Cruising the Green of Second Avenue

Wild Child Publishing has issued the second volume of short stories in Cruising the Green of Second Avenue. The tales take up where Vol. I left off — bringing back Klein the Biker, Straight Charlie and Sammy the Madman while introducing new characters stumbling over life’s difficulties in the late 60s. Vol. II is an e-book published by Wild Child Publishing that you can download, save as a pdf (Adobe) file and print. Read both volumes and see that life isn't all that serious. Find it at Barnes & Noble, Amazon and other online book sellers.

Wednesday, June 9, 2010

Kicking Out the Words

A good week and it’s not over yet. Bewildering Stories accepted “Angel in My Coffee Cup” after a rewrite—and I didn’t even follow my advice about narrative hooks. (Hamlet wasn’t talking about angels when he said, “There are more things on heaven and earth than are dreamt of in your philosophy.” The phrase kept going through my head as my granddaughter, Morgan, sat across from me at breakfast.) Maybe my magic realism got to their flash fiction editor.

I sent my “Henry Morton Stanley at Shiloh” article off to Military History Online, but no word back. Yeah, I guess I could polish it some more, but let’s see what happens.

The Asbury Park Press invites reader book reviews. Last Sunday, they picked up mine for Stieg Larsson’s The Girl Who Played with Fire. (“…Unmasks the sanctimonious Swedish society and the murderous tendencies buried in mystery. And what a superb heroine the tattooed, dyslexic hacker Lisabeth Sander is!”)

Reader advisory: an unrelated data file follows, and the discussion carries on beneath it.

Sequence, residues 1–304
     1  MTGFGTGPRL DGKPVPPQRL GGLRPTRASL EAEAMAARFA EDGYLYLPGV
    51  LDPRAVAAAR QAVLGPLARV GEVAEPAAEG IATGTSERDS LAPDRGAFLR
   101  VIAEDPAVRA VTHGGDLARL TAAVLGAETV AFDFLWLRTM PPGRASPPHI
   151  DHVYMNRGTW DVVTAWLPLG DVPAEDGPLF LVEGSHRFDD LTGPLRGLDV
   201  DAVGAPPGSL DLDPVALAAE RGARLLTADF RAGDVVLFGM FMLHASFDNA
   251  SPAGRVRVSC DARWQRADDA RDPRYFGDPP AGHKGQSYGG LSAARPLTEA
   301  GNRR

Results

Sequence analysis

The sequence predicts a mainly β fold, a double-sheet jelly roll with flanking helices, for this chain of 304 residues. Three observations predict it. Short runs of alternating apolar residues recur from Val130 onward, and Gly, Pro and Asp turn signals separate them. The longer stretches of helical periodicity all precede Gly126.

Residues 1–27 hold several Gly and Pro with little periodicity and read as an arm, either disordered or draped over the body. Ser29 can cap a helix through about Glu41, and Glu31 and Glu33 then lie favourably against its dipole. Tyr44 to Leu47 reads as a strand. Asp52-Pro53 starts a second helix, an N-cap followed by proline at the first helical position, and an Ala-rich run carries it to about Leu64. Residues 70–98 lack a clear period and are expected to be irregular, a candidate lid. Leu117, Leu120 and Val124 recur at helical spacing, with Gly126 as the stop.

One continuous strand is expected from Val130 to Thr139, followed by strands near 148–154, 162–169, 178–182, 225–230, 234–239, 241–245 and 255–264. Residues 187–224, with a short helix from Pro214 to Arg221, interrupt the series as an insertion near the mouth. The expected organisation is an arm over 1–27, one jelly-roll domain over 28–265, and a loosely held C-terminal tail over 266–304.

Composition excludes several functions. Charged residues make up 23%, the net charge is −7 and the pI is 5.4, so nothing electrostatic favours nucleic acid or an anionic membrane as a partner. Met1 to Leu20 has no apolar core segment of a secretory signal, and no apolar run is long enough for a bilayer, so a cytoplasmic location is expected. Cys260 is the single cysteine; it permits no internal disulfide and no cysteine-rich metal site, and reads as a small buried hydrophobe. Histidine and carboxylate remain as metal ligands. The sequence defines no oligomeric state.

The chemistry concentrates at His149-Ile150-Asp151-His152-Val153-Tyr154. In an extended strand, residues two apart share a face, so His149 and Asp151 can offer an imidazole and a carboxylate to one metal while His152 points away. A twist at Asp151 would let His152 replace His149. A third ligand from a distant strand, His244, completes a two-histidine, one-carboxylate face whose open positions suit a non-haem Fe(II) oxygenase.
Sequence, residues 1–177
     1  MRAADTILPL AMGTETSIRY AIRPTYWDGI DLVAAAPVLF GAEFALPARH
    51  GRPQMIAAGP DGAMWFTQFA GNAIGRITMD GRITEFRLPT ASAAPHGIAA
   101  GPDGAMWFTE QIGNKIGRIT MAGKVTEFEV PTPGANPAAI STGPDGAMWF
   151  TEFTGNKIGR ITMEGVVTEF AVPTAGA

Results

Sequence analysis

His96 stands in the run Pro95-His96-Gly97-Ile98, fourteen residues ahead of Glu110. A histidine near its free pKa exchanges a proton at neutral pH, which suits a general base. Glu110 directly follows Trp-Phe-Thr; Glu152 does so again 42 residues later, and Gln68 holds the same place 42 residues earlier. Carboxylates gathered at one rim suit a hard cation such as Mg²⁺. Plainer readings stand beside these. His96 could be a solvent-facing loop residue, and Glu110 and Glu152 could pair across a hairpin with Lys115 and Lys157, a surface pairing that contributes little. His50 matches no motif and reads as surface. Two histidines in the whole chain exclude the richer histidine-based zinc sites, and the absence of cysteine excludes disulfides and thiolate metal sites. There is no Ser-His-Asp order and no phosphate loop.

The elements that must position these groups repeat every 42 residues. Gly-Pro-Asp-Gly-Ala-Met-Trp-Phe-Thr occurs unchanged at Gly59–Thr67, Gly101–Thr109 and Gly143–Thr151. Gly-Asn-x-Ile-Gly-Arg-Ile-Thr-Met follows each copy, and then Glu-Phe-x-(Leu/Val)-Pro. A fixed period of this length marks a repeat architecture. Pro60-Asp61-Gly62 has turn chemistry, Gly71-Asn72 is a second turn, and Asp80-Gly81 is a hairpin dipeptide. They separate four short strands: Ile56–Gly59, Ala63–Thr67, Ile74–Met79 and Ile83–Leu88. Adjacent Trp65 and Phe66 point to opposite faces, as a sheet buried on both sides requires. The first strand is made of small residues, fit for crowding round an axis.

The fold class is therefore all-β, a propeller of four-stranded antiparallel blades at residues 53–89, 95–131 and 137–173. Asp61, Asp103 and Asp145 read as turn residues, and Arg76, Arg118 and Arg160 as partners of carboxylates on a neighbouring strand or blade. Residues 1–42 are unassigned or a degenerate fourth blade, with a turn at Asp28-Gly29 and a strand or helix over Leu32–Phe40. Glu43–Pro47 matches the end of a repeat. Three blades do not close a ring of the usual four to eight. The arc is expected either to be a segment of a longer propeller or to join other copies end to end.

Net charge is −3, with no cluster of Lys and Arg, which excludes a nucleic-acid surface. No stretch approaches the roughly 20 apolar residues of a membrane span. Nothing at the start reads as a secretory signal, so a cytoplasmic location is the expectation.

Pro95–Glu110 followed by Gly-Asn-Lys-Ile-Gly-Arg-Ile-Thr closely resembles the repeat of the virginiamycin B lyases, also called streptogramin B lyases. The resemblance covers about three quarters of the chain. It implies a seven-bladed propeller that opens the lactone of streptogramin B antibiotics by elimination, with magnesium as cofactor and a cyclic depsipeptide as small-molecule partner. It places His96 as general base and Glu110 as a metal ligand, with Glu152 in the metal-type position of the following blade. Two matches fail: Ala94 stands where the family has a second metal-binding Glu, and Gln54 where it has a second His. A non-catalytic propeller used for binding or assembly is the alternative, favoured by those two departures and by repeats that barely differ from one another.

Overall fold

There’s still a wealth of material for my Holling Clancy Holling blog (at and I finished off the Web site for our writing group at the Manchester public library (

I think I could be at Antarctica or Armpit, Ohio. as long as the party continues in my head.

Wednesday, June 2, 2010

Grab the Reader in 30 Words

News writing is excellent training. I took journalism classes when I was 19 or 20, then really learned to write on the Hinsdale (Illinois) Doings. I had to get the who, what, where, when and why down in the 30-word “lede” (spelled that way so’s not to confuse it with Linotype “lead.”). Tough job. Try it.

Then news writing leaped back a hundred years. The soft and fuzzy lede would begin something like, “It was an idyllic day in June when nine-year-old Tabitha and her perky terrier, Mikey, romped down the sidewalk. Unbeknownst to them, Charles Meriwether left the bar inebriated and got into his buggy. The Gods must have cried in anguish as Meriwether’s buggy approached the corner where little Tabitha….” Well, you get the drift.

Now we’re back to requiring a narrative hook—the first handful of words that will capture the reader at his screen, make him click through to another Web site, and continue reading. Tough job. I began looking at leads from the RSS feeds that pour into my mailbox each morning. What I found is a picture of how short our attention span is—and how readers can be manipulated to click on links. Read more of how to “Hook Your Readers” at

Oh, Tabitha? Along about the 10th paragraph you learn she'll be okay. But the dog is dead.